"There were some good things [about EWU]," Miller says. "But it came down to football, whether you are going to win games or lose games, and whether you're going to play in front of 20,000 people or 2,000 people. Plus, the tradition and style of offense at Montana made this place a perfect fit for me."
And vice versa. Montana lost senior and three-year starting QB Brian Ah Yat at the completion of the 1998 season. The Grizzlies were coming off two consecutive up-and-down years that both ended at 8-4, with less-than-satisfying losses in the first round of the I-AA playoffs. That, coupled with the on-going exodus of UM coaches, left many Missoula football fans feeling strangely unsettled. There was marked concern that the touted "Griz dynasty" of mid-'90s might be splitting at the seams.
The woes, whether real or imagined, spawned an undercurrent of public opinion that the team had taken a half-step backwards. It was in this environment, with demanding, perhaps spoiled fans convinced they needed answers, that Drew Miller showed up on Montana's doorstep.
"I knew a ton about the great tradition of quarterbacks here," Miller says of his final decision to play for the Grizzlies. "Then I found out that basically all the receivers were returning this year, the backs were returning, and the line was going to be so deep. Once I considered those factors, coming here was a no-brainer."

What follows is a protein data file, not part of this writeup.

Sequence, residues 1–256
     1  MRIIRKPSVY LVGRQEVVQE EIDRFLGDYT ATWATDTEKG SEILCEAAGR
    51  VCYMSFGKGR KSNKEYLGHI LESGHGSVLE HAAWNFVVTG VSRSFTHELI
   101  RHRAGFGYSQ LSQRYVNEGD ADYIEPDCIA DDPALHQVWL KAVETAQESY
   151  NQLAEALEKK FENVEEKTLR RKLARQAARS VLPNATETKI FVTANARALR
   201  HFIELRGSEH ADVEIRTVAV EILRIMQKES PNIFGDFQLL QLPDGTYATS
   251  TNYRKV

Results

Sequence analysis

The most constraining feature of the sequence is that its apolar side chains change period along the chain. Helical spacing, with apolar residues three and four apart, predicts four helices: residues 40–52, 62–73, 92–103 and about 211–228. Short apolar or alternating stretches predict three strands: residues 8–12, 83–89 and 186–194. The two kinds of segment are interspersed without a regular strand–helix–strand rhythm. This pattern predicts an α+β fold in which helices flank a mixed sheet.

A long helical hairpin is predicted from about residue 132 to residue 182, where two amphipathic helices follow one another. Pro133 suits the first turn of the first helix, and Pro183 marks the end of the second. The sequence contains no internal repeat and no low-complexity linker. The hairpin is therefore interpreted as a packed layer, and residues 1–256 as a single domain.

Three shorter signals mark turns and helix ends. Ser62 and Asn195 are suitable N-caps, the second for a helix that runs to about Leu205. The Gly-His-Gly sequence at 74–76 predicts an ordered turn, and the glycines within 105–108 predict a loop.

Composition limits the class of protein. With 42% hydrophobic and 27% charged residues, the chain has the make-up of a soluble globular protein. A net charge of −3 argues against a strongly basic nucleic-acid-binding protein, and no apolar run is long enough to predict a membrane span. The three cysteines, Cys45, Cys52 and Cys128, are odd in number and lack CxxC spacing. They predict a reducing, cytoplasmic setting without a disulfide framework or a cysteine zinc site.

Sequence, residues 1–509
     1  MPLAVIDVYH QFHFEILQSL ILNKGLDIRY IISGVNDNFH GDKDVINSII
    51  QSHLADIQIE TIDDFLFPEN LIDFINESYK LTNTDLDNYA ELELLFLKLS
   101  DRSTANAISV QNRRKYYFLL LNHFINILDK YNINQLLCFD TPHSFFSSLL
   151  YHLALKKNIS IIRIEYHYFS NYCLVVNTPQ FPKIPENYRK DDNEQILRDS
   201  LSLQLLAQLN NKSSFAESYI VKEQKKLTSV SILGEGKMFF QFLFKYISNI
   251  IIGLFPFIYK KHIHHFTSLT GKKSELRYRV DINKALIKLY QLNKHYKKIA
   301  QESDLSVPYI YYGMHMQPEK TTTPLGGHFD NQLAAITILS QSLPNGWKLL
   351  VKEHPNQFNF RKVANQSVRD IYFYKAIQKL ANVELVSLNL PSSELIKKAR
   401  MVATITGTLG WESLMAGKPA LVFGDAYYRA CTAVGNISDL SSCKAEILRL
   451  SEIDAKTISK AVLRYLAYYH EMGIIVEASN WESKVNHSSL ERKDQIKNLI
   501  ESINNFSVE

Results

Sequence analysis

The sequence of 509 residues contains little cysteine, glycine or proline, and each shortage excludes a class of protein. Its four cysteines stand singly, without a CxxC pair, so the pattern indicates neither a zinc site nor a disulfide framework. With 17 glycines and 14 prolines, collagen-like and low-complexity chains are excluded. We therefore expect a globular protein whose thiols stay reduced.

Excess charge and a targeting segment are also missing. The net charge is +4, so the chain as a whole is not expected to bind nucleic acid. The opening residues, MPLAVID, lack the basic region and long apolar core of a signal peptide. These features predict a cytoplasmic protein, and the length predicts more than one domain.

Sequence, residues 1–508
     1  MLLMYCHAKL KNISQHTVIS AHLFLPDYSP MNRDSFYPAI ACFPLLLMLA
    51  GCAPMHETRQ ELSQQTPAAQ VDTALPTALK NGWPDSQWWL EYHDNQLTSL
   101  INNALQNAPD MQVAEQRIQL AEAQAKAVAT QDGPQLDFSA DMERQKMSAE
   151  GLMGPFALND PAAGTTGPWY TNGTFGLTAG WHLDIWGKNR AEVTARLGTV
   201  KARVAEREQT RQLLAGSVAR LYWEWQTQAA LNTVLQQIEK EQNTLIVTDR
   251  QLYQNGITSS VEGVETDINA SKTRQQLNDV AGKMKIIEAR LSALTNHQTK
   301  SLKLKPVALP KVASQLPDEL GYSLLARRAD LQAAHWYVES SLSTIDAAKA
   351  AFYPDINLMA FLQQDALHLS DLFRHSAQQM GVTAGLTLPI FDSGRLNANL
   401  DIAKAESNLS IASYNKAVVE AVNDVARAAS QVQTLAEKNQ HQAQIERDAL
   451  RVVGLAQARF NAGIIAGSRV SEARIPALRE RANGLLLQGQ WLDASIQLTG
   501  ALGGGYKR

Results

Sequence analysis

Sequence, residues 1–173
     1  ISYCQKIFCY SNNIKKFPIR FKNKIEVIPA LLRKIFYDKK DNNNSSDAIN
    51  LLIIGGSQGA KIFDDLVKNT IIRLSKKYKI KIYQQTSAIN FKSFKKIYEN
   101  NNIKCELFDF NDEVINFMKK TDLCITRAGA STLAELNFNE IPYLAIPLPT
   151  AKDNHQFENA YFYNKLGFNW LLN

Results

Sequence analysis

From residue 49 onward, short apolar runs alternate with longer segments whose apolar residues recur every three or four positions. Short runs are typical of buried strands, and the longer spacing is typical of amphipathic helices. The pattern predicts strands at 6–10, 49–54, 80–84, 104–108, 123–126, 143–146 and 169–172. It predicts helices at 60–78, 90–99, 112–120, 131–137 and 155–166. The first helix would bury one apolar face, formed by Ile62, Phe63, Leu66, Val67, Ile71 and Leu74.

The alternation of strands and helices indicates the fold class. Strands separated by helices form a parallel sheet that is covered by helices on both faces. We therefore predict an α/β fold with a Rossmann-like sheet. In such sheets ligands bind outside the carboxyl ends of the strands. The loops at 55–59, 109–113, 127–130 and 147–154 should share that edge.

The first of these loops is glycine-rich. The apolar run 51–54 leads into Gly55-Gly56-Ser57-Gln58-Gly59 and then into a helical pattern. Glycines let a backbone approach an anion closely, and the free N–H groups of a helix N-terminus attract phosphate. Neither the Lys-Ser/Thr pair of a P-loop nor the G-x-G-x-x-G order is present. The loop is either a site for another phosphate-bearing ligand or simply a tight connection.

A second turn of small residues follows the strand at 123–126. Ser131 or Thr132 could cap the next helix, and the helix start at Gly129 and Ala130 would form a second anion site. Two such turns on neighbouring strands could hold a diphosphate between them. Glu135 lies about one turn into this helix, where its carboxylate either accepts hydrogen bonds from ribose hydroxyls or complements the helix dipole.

Arriving in time for spring practice, Miller used the opportunity to debut his skills in person for the Montana coaching staff and the community. He threw 10 touchdown passes at the spring drills, six of which came during the final scrimmage. After a controversy-free competition with freshmen John Edwards and Nick Walker, Miller was named the Grizzlies' starting quarterback at the tail end of the spring session. Now, he says, he understands what's expected of him.
"The standard has been set by guys like Ah Yat and [Dave] Dickenson, so I know there's going to be expectations; that comes with the position," Miller says. "I'm just going to go out there and worry about playing the best that I can, playing my game. I'm going to let all the questions and concerns answer themselves and just concentrate on playing football."